Franco Einaudi:
               50 Years of Meteorological Satellite
              Experiments – The NASA Perspective

• Director, Earth Sciences Division of the
  Sciences and Exploration Directorate, GSFC, NASA
• Diverse career, including
  8 years professor, Georgia Institute of Technology
  10 year CIRES, University of Colorado, Boulder
  2 years postdoctoral fellow, Physics Dept, U. of Toronto
• 2006 President of AMS
• Native of Turin, Italy, Ph.D. Cornell University
                   Jérôme Lafeuille:
             50 Years of Innovation and Cooperation
                    in Satellite Meteorology

• 2005-present: World Meteorological Organization,
  Geneva, Switzerland--Chief of the Space-based
  Observing Division, Space Programme Office
• 1998-2005: Meteo-France--Director of the Satellite
  Meteorology Centre in Lannion
• 1993-1998: EUMETSAT--Head of International Affairs
  and served as Secretary of the Coordination Group for
  Meteorological Satellites (CGMS)
• Graduate of Ecole Polytechnique in Paris
                    Terence (Terry) F. Kelly:
                    Introducing Satellite Data to the Public –
                               Back to the Future

•   Chairman, CEO, and principal owner of Weather Central, Inc., and its sister
    company, MyWeather, LLC
•   A leader in the development of innovative weather display & forecasting
    equipment, software, and services for over 30 years and
    holds several US & international patents
•   Received AMS Seal of Approval, and award for
    Outstanding Service by a Broadcast Meteorologist
•   Founded ColorGraphics Systems, Inc and New Star
•   2003: Named “Entrepreneur of the Year” in Wisconsin by Ernst & Young
•   Terry is also a founding investor in Air America Radio, and is involved in many
    local community projects including Chairman of the Aldo Leopold Nature Center,
    President of Madison Fireworks Fund, Inc. which hosts Madison’s annual
    Independence Day celebration “Rhythm & Booms”, and Board Member of the
    Madison Symphony Orchestra.
•   Degree in Meteorology from University of Wisconsin-Madison and lives in Madison
    with his wife Mary
                         John Lewis:
                     Suomi: Pragmatic Visionary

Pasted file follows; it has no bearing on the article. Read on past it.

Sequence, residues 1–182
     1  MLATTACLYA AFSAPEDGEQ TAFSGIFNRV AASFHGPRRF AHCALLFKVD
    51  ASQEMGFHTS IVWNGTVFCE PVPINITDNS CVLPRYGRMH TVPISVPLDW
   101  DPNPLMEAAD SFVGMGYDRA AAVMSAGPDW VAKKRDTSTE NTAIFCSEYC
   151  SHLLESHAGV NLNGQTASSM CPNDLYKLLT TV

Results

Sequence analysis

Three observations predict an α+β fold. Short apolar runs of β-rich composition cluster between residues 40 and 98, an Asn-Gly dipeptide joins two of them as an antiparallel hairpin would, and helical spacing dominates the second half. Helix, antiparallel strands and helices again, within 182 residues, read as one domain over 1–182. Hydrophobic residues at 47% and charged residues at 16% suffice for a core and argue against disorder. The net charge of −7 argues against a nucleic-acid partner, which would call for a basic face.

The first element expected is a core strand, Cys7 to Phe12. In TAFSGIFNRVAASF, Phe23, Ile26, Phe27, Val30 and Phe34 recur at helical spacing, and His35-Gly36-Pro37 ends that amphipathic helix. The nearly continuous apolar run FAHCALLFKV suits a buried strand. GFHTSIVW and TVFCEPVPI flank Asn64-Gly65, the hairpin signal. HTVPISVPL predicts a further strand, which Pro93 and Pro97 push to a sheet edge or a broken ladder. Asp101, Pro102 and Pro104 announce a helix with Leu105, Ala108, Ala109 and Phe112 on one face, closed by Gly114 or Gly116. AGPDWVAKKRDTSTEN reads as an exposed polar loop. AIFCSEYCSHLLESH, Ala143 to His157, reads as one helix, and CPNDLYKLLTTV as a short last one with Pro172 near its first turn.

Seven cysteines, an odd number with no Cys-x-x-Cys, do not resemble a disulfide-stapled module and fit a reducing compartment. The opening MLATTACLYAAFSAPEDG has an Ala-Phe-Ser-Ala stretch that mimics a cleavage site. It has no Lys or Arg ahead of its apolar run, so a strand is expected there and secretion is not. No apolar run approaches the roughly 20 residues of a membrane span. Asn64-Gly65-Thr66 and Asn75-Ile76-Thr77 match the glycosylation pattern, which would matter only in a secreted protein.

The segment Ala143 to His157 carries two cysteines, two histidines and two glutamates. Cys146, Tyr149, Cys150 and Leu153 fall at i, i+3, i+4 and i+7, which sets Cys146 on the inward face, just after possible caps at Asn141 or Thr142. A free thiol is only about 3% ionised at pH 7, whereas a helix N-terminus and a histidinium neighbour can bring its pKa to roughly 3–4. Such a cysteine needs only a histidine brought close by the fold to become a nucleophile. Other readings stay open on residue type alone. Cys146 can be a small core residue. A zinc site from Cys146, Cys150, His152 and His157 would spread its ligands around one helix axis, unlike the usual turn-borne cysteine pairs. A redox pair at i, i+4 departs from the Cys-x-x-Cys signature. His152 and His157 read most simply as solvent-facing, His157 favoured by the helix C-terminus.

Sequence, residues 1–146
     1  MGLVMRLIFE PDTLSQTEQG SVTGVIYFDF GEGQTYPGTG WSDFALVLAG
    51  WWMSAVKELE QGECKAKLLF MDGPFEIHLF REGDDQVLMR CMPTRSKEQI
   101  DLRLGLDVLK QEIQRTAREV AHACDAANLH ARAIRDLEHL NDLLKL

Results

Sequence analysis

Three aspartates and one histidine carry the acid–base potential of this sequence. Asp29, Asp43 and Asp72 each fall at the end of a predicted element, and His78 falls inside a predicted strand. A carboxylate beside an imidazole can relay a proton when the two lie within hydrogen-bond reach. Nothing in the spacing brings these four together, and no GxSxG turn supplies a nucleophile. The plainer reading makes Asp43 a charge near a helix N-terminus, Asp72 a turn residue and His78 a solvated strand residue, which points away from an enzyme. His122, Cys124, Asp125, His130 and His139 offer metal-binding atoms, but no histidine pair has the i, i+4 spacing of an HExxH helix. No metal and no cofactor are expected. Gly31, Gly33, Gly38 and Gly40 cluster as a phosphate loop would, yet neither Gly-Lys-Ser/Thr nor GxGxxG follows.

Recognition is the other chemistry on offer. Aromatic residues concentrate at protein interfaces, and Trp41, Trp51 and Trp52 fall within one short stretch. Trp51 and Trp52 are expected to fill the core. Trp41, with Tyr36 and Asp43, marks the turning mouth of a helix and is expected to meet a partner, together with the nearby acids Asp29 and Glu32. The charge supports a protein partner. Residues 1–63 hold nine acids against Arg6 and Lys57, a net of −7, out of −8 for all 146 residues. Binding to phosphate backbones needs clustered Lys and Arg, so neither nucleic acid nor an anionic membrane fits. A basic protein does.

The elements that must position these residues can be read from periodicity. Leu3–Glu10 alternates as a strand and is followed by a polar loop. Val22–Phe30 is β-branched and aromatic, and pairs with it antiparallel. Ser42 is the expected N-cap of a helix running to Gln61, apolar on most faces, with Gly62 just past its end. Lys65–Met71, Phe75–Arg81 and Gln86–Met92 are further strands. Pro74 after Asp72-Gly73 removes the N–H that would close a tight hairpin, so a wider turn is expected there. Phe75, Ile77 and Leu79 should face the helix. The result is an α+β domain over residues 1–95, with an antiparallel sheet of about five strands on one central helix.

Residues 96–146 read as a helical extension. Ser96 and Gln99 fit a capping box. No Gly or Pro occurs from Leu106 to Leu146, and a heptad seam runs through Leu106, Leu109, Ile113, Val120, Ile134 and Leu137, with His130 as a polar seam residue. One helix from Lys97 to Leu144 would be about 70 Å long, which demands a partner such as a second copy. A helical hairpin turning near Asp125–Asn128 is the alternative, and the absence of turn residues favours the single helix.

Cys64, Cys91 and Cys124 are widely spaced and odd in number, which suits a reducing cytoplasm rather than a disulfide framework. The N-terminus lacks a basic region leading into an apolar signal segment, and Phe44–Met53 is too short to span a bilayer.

• National Severe Storms Laboratory Research Meteorologist,
  Adjunct Professor, Desert Research Institute, Reno, NV
• John couples theory of dynamic data assimilation with the
  practical problem of numerical weather prediction
• Career path has included National Meteorological Center,
  Fleet Numerical Weather Center, and the Space Science and
  Engineering Center
• Degrees from U. of Chicago and U. of Oklahoma
• Avocations: baseball, art, and history of science.
  John’s training in baseball is from the sandlot leagues in
  Sacramento, CA, and through lengthy discussions with
  colleagues in Madison, Wisconsin.
                     Fred House:
          Suomi’s ERB Experiments on Explorer
                VII and TIROS Satellites

• Professor of Atmospheric Science, Drexel University
• In 39th year of teaching students at Drexel
• June 1960: began 5 years of Graduate School at
  University of Wisconsin-Madison
• BS degrees in math/physics at North Texas State
  University, and in meteorology at Penn State under
  the Air Force Weather Officer training program. He
  was stationed in France for 3 years and forecast
  weather in Europe supporting NATO forces
                Keynote--Tom Vonder Haar:
                            Science Investigations:
                           The Legacy of Explorer VII
• Distinguished Professor of Atmospheric Science,
  Emeritus Director, CIRA, Colorado State University
• Department head for 10 years (1974-1984), during which CSU became
  recognized as one of the top Atmospheric Science graduate programs in
  the US
• 1980: Founded Cooperative Institute for Research in the Atmosphere
  (CIRA) at CSU, a university research center in partnership with NOAA, the
  National Park Service, and the Department of Defense
• Advisor for 30 Ph.D. and > 100 M.S. graduate students
• AMS Fellow and 1982 Charney Award recipient,
  named University Distinguished Professor at CSU in 1995, and elected
  Member of Academy of Engineering in 2003
• Ph.D. under Vern Suomi in 1967 published the first global, multi-seasonal
  measurements of Earth’s Radiation Budget using data from four NASA
  and US Air Force satellites carrying the “Suomi” and other radiation
  instruments
               Vern helped to         Cosmonaut Training Center
              celebrate Sputnik        & Space Museum tours


                   in 1987




   “Spacebo Sputnik”


                                           GATE friend’s home




30th Anniversary of Sputnik, Moscow
               Vern helped to
              celebrate Sputnik
                   in 1987




                 Thank You Vern and Bob
                 Gracias, Danke, Merci,
                 спасибо!, Xie Xie, Arigato
                 …


30th Anniversary of Sputnik, Moscow
Sculpture by Mike Shah
                         I am very happy to share this
                         moment of joy and
                         satisfaction...the Suomi
                         Sculpture is ready for display. I
                         thank you for this opportunity
                         to honor Dr Suomi...with this
                         Bronze relief sculpture...that
                         will inspire many generations
                         ahead. I have always been
                         inspired by Dr Suomi's
                         dedication to Science, and feel
                         fortunate to have worked with
                         him as one of his engineers.

                              Sincerely, Mike Shah
                            (Sculptor, PhD Engineer)
The Suomi Science Museum
    at the University of Wisconsin-Madison
  A vision we hope to make a reality soon




http://museum.ssec.wisc.edu
  Anecdote to Share?

   Open Mic at 8:30
Moderated by Paul Menzel